Investigators reviewed data from terminal Doppler weather radar (TDWR). At 0856 and 0857, the airplane was operating in an area of developing rain showers and updrafts. These updrafts and rain showers were then observed over the accident site after 0900. The upper air sounding from Fort Worth revealed that the meteorological environment around the accident site supported developing rain showers with vertical updraft speeds as high as 62 kt. possible.

The airplane crashed upright in an open pasture approximately 9 mi. southwest of PRX on a heading of 128 deg. It remained relatively intact except for the horizontal stabilizer/rudder, which had separated from the airframe and was found about 30 ft. behind the main wreckage. A post-impact fire consumed a majority of the cockpit, right wing and fuselage.

Examination of the airplane revealed that the flaps and landing gear were fully retracted. Flight control continuity was established for all major flight control surfaces from the surface to the cockpit. Elevator trim continuity was also confirmed. The elevator trim tab was found in the 8-deg. nose-down setting. Continuity of the autopilot system could not be established due to impact and fire damage.

The backup attitude indicator (electric) was disassembled and rotational scoring was found on the pendulous vane and on the interior of the pendulous vane housing. The backup airspeed indicator needle was frozen at 110 kt.

The four-blade propeller assembly remained attached to the engine; however, two of the blades had separated the hub. These blades were found imbedded in the ground directly below the hub. Each of the blades exhibited leading edge nicks and chord-wise scratches. The propeller spinner displayed impact damage and rotational deformation.

Examination of the engine revealed damage consistent with the engine operating at the time of impact. No mechanical malfunctions or failures were observed that would have precluded normal operation of the engine.

Investigators collected the recorded ATC radar data. The airplane was first observed on radar at 0852:22. It was on a southwesterly heading at an altitude of 4,200 ft. About 36 sec. later the airplane reached an altitude of 4,700 ft. and a ground speed of 249 kt.

At 0853:46, the airplane had climbed to 5,100 ft. and slowed to a ground speed of 214 kt. It then entered a descending right-hand turn.

At 0853:58, the airplane was at an altitude of 4,800 ft. and a ground speed of 202 kt.

At 0854:22, the airplane continued to turn right and climbed to 5,200 ft. and slowed to a ground speed of 115 kt.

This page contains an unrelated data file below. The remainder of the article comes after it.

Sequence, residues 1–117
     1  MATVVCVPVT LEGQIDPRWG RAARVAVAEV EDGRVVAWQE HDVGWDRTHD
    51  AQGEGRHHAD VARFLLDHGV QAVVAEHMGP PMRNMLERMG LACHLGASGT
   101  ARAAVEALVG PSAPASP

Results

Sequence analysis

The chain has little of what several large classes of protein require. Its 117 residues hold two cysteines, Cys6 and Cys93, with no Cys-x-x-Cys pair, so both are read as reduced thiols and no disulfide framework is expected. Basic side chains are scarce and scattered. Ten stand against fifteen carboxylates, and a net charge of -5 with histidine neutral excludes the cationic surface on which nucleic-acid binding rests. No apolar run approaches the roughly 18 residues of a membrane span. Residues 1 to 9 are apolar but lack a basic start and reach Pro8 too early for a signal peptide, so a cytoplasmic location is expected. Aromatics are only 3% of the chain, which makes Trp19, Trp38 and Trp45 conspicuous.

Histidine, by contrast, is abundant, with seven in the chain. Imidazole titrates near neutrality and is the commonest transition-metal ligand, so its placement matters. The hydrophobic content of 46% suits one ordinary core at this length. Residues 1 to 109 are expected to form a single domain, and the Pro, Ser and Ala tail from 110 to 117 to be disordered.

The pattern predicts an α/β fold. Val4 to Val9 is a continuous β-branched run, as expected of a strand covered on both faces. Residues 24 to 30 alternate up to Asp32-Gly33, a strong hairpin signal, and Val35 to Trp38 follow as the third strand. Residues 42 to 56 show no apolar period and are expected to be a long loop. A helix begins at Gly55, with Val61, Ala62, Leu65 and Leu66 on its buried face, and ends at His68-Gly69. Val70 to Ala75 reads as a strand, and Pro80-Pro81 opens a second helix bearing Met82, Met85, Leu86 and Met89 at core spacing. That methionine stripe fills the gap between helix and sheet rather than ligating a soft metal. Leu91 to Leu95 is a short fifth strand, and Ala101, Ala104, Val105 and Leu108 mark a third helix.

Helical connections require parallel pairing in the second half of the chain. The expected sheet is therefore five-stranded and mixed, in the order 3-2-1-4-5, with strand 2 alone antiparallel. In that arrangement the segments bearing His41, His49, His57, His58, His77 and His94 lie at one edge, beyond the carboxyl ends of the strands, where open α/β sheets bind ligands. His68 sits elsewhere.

The last radar return was received at 0854:34. At that time, the airplane was at 4,500 ft. at a ground speed of 110 kt.

Probable Cause

The pilot’s logbooks indicated he had accrued a total of 2,365.7 hr.; of which, 126.9 were in the same make/model as the accident airplane. The pilot also had logged a total of 118.3 hr. operating in actual instrument conditions and 86.3 hr. in simulated instrument conditions. He logged 57.3 hr. in the last 90 days and 4.3 hr. in the 24 hours prior to the accident.

An autopsy determined the pilot died of injuries sustained in the accident. The toxicological testing was negative.

Ultimately, the NTSB determined the probable cause of this accident was, “The pilot’s encounter with convective weather, which resulted in a loss of airplane control.”

If there’s a lesson to be taken from this incident, it’s simply to be on the pessimistic side when evaluating the potential impact of convective activity expected along your route. A young, developing cell can often present sharp edge gusts every bit as upsetting (literally) as a mature cell.

 

TAP HERE in the digital edition of B&CA for more weather information around the time of this accident or go to AviationWeek.com/Meridianwx

 

Weather Briefings

SIGMET and CWSU Advisory
No SIGMETs were valid for the accident site at the accident time.
A CWSU Advisory (CWA) was valid for the accident flight in northeastern Texas and was issued at 0731 CST. The CWA advised of LIFR (see below) conditions with areas of ceilings below 500 feet and/or visibility below 1 mile in mist and fog.
FAUS21 KZFW 121330
ZFW1 CWA 121331
ZFW CWA 102 VALID UNTIL 121500
FROM 35N TXK-ELD-50SW GGG-30NW ACT-TTT-45NE TTT-35N TXK
AREA OCNL LIFR CONDS. CIGS AOB 005/VIS LCL AOB 1SM BR/FG.
AIRMETs
AIRMET Sierra issued at 0845 CST, and valid at the accident time, forecasted IFR conditions for the accident site with ceilings below 1,000 feet and visibilities below 3 miles with precipitation and mist.
WAUS44 KKCI 121445
WA4S
_DFWS WA 121445
AIRMET SIERRA UPDT 2 FOR IFR AND MTN OBSCN VALID UNTIL 122100
 
AIRMET IFR . . . OK TX AR TN LA MS AL AND CSTL WTRS
FROM 40S LOZ TO GQO TO 50SW PZD TO 40W CEW TO 50SE SJI TO 50SSE
LEV TO 120SSW LCH TO 80E BRO TO 30W BRO TO 30S LRD TO DLF TO
40SSW SJT TO 30S MLC TO RZC TO 40S LOZ
CIG BLW 010/VIS BLW 3SM PCPN/BR. CONDS CONTG BYD 21Z THRU 03Z.
 
19 Low Instrument Flight Rules - Refers to the general weather conditions pilots can expect at the surface. LIFR criteria means a ceiling below 500 feet agl and/or less than 1 mile visibility.